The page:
In mathematics, **triality** is a relationship among three vector spaces, analogous to the duality relation between dual vector spaces. Most commonly, it describes those special features of the Dynkin diagram D_{4} and the associated Lie group Spin(8), the double cover of 8-dimensional rotation group SO(8), arising because the group has an outer automorphism of order three. There is a geometrical version of triality, analogous to duality in projective geometry.

In mathematics, **SO(8)** is the special orthogonal group acting on eight-dimensional Euclidean space. It could be either a real or complex simple Lie group of rank 4 and dimension 28.

In group theory, a branch of abstract algebra, a **character table** is a two-dimensional table whose rows correspond to irreducible representations, and whose columns correspond to conjugacy classes of group elements. The entries consist of characters, the traces of the matrices representing group elements of the column's class in the given row's group representation. In chemistry, crystallography, and spectroscopy, character tables of point groups are used to classify *e.g.* molecular vibrations according to their symmetry, and to predict whether a transition between two states is forbidden for symmetry reasons. Many university level textbooks on physical chemistry, quantum chemistry, spectroscopy and inorganic chemistry devote a chapter to the use of symmetry group character tables.

In mathematics, a **reductive group** is a type of linear algebraic group over a field. One definition is that a connected linear algebraic group *G* over a perfect field is reductive if it has a representation that has a finite kernel and is a direct sum of irreducible representations. Reductive groups include some of the most important groups in mathematics, such as the general linear group *GL*(*n*) of invertible matrices, the special orthogonal group *SO*(*n*), and the symplectic group *Sp*(2*n*). **Simple algebraic groups** and (more generally) **semisimple algebraic groups** are reductive.

In the study of the representation theory of Lie groups, the study of representations of SU(2) is fundamental to the study of representations of semisimple Lie groups. It is the first case of a Lie group that is both a compact group and a non-abelian group. The first condition implies the representation theory is discrete: representations are direct sums of a collection of basic irreducible representations. The second means that there will be irreducible representations in dimensions greater than 1.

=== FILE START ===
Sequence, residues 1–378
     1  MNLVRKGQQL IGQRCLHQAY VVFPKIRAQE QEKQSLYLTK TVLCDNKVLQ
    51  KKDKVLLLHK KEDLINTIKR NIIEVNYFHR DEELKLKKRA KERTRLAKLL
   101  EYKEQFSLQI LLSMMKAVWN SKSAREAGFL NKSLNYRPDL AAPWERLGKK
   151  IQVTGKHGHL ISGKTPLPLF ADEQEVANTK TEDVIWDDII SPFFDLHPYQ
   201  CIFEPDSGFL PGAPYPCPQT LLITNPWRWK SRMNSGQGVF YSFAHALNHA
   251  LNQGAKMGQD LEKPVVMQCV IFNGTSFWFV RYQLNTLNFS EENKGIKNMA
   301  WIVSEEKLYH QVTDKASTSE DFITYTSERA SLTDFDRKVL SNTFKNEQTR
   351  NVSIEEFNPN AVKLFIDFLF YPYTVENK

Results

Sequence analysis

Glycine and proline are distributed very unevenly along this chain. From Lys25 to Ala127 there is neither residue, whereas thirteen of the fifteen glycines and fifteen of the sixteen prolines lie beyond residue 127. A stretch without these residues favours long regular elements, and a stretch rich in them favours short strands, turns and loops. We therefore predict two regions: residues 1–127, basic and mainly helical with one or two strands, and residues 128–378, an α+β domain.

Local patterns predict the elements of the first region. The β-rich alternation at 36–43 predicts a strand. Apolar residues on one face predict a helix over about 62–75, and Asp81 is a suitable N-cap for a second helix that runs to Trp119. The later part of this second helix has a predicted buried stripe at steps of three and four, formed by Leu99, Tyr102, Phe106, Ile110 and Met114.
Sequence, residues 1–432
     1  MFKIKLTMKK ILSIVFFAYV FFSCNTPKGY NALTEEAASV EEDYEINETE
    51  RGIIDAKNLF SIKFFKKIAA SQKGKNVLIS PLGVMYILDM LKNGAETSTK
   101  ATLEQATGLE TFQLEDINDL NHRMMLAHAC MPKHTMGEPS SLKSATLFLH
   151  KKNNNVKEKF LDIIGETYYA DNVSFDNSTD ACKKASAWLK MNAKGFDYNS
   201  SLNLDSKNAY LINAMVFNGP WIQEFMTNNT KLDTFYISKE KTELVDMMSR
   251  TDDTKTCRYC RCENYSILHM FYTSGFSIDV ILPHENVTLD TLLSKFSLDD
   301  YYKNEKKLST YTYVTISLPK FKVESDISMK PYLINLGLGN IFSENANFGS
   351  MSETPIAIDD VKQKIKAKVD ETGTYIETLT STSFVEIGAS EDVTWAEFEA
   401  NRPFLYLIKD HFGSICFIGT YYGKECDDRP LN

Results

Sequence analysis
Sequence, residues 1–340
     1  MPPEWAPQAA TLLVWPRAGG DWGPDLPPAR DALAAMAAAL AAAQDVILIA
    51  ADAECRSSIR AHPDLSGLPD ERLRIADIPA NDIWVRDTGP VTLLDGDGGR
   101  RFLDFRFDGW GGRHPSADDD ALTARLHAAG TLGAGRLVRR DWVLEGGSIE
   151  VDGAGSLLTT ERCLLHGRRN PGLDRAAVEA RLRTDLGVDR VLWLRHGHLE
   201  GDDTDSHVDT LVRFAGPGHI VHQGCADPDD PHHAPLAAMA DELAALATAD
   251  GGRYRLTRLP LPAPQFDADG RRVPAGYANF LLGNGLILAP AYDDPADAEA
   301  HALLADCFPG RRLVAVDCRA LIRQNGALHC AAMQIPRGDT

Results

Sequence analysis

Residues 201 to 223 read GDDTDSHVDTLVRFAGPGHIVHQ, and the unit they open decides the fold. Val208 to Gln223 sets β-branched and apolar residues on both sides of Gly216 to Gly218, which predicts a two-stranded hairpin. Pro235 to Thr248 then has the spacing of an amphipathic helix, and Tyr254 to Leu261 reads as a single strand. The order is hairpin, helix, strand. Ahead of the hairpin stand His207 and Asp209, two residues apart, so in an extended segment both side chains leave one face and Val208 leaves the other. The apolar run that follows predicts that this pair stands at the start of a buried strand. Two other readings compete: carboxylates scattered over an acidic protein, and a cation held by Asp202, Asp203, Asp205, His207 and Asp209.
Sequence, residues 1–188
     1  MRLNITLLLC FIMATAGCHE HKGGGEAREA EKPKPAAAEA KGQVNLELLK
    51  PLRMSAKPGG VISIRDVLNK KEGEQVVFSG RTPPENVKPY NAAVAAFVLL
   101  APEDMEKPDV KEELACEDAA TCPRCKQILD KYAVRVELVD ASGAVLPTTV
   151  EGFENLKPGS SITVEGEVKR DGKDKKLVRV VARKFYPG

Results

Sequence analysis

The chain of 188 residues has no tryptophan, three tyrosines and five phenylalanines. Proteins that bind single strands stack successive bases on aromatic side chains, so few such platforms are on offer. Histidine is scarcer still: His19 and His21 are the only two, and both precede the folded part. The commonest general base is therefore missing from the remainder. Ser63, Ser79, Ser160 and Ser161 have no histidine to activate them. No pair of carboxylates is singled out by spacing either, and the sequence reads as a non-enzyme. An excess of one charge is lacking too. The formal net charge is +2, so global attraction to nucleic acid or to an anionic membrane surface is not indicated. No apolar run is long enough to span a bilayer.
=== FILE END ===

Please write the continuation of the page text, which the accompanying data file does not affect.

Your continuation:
Many branches of mathematics study objects of a given type and prove a classification theorem. A common theme is that the classification results in a number of series of objects and a finite number of exceptions — often with desirable properties — that do not fit into any series. These are known as **exceptional objects**. In many cases, these exceptional objects play a further and important role in the subject. Furthermore, the exceptional objects in one branch of mathematics often relate to the exceptional objects in others.

This is a glossary for the terminology applied in the mathematical theories of Lie groups and Lie algebras. For the topics in the representation theory of Lie groups and Lie algebras, see Glossary of representation theory. Because of the lack of other options, the glossary also includes some generalizations such as quantum group.

- Adams, J. Frank (1996).
*Lectures on exceptional Lie groups*. Chicago Lectures in Mathematics. University of Chicago Press. ISBN 978-0-226-00526-3. MR 1428422. - John Baez,
*The Octonions*, Section 4.2: F_{4}, Bull. Amer. Math. Soc.**39**(2002), 145-205. Online HTML version at http://math.ucr.edu/home/baez/octonions/node15.html. - Chevalley C, Schafer RD (February 1950). "The Exceptional Simple Lie Algebras F(4) and E(6)".
*Proc. Natl. Acad. Sci. U.S.A*.**36**(2): 137–41. Bibcode:1950PNAS...36..137C. doi: 10.1073/pnas.36.2.137 . PMC 1063148 . PMID 16588959. - Jacobson, Nathan (1971-06-01).
*Exceptional Lie Algebras*(1st ed.). CRC Press. ISBN 0-8247-1326-5.